If it’s not truly busted, why are you trying to fix it?
Republicans have been having an interesting debate over how their party should change — interesting, because even Republicans now recognize that Republicans need to change.
Like any discourse that threatens existing power, the conflict is primarily between the establishment — represented by Karl Rove — and various insurgencies — including one that’s hilariously led in part by Clarence Thomas’ wife.
The insurgency that’s being taken most seriously, perhaps because it’s framed by the biggest words, is “libertarian populism.”
Jonathan Chait points out that many of the key talking points were employed by Mitt Romney in the last campaign, admittedly a terrible messenger for anything with a world related to popular in it. Matt Yglesias suggests that libertarianism can’t be populism but populism can be libertarian.
Personally, I have a hard time seeing how any libertarianism, a philosophy that has had its own party and multiple book clubs for decades, could ever sweep this nation. I’d love to see this wing of the party weigh in on a decision to, say, invade Iraq, for instance, but I wonder if they would support Bush’s imperfect but noble effort to fight AIDS in Africa, which has saved millions of lives.
Matt Lewis doesn’t think the libertarian populism is going to save his party, either. He’s worried by the movement’s stated desire to take on everything big — big banks, big corporations, Chris Christie. To him this smacks of division, Elizabeth Warrenism and class warfare. Lewis would like to see a Compassionate Conservative redux. Meanwhile David Brooks is actually calling for a renewal of Neo-Conservatism, at least on a domestic level. These are establishment suggestions that should make anyone who remembers 2001-2008 at least slightly nauseous.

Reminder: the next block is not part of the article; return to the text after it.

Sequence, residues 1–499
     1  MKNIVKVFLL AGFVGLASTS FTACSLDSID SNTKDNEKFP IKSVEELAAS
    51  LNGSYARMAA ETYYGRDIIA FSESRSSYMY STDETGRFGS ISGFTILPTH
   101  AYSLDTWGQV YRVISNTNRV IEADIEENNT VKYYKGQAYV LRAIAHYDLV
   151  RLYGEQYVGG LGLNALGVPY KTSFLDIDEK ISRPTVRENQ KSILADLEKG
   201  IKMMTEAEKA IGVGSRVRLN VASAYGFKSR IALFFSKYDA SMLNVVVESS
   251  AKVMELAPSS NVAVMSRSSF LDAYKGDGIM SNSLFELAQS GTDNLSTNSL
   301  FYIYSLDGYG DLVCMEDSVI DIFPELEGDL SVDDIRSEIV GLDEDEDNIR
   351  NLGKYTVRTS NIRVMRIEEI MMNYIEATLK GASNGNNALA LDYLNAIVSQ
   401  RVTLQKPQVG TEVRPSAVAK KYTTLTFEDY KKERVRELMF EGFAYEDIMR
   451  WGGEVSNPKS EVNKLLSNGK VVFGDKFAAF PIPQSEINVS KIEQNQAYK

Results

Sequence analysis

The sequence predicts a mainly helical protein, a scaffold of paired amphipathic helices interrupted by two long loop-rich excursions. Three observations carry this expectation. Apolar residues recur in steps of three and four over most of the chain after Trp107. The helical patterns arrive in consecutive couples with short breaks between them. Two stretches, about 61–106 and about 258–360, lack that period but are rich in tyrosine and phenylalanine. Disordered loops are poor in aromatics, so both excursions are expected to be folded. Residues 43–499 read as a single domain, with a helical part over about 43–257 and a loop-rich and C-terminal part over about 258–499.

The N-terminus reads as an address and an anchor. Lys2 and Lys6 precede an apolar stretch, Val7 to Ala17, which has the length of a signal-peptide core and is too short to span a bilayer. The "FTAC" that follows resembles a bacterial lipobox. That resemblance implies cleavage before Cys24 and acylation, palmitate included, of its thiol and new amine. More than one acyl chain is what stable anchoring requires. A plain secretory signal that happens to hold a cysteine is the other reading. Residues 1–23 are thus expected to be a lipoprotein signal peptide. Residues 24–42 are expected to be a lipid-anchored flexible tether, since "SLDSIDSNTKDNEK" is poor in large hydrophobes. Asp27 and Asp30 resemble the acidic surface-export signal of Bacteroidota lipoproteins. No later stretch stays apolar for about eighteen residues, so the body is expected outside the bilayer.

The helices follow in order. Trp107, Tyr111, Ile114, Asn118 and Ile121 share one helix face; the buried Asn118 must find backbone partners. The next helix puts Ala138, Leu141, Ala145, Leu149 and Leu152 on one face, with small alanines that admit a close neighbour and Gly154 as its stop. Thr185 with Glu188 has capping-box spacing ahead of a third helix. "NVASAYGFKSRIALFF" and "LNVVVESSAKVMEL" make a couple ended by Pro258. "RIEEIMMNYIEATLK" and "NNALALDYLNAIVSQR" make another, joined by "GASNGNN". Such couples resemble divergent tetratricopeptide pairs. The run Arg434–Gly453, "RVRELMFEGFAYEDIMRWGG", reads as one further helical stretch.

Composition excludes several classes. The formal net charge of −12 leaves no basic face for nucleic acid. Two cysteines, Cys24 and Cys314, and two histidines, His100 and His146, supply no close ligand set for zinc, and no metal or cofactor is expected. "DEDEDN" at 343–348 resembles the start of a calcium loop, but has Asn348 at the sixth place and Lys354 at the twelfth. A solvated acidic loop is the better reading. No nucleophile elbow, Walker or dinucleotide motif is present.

It is worth noting what Republicans do not want to change, given what they do want to change.
They don’t want to accept that man-made climate change is a scientific reality. They don’t care that there are ways we can and should be combating it, and the main reason we don’t do so is because “Our richest people don’t want to, because it would reduce their wealth somewhat,” as Bill McKibben noted.
They don’t want to stop (or even admit to) the obvious attempt to suppress the votes of groups who have historically prevented from voting.
They don’t want to admit that there are ways to make health care entitlements more affordable that don’t involve asking seniors to pay more, and these models are in place right now, all over the industrial world.
They don’t want to recognize that denying millions of Americans the basic ability to marry the person they love damns their party as hypocrites, at least, or bigots, at worst.
They don’t want to see that if they are intent on making abortion difficult to attain it’s a horrendously cynical to block sex education and family planning wherever possible.
They don’t want to recognize that their party’s reliance on propaganda via Fox News and AM radio is different than plain old media bias for a basic reason: implicit in these right-wing channels is the message that anyone who questions the right hate America and is a viscous communist, socialist, fascist, Maoist or Muslim, depending on the day.
They don’t want to see that their contempt for people outside their constituencies — especially when those people are historically those who suffered the most in this society: the poor, minorities, the LGBT community — makes it impossible for their party to grow.
In fact, I’d argue that’s why it’s shrinking.
If the Republican Party really wants to change, here is what it is that’s really holding you back: the things you won’t even admit you need to change.
[Image by Elvert Barnes | Flickr]